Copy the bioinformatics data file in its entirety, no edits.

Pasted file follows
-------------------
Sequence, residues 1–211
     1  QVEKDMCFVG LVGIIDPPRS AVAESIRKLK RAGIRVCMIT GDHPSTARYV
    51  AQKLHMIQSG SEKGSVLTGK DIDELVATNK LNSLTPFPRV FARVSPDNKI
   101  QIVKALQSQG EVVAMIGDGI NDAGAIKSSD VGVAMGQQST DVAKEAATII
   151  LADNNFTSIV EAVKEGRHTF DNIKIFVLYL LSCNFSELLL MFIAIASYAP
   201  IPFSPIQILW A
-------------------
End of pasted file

Sequence, residues 1–211
     1  QVEKDMCFVG LVGIIDPPRS AVAESIRKLK RAGIRVCMIT GDHPSTARYV
    51  AQKLHMIQSG SEKGSVLTGK DIDELVATNK LNSLTPFPRV FARVSPDNKI
   101  QIVKALQSQG EVVAMIGDGI NDAGAIKSSD VGVAMGQQST DVAKEAATII
   151  LADNNFTSIV EAVKEGRHTF DNIKIFVLYL LSCNFSELLL MFIAIASYAP
   201  IPFSPIQILW A